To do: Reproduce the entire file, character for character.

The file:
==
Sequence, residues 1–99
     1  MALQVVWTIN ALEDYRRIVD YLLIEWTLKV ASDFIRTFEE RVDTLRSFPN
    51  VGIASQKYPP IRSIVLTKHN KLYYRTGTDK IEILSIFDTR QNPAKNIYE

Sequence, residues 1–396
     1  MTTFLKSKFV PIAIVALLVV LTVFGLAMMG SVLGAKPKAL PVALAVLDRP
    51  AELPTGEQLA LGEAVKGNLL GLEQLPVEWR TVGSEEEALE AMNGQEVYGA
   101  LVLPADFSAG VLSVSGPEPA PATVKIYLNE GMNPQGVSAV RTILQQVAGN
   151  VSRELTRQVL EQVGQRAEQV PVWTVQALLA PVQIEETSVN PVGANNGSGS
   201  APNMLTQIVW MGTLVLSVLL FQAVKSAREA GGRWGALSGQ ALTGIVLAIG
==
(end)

Sequence, residues 1–99
     1  MALQVVWTIN ALEDYRRIVD YLLIEWTLKV ASDFIRTFEE RVDTLRSFPN
    51  VGIASQKYPP IRSIVLTKHN KLYYRTGTDK IEILSIFDTR QNPAKNIYE

Sequence, residues 1–396
     1  MTTFLKSKFV PIAIVALLVV LTVFGLAMMG SVLGAKPKAL PVALAVLDRP
    51  AELPTGEQLA LGEAVKGNLL GLEQLPVEWR TVGSEEEALE AMNGQEVYGA
   101  LVLPADFSAG VLSVSGPEPA PATVKIYLNE GMNPQGVSAV RTILQQVAGN
   151  VSRELTRQVL EQVGQRAEQV PVWTVQALLA PVQIEETSVN PVGANNGSGS
   201  APNMLTQIVW MGTLVLSVLL FQAVKSAREA GGRWGALSGQ ALTGIVLAIG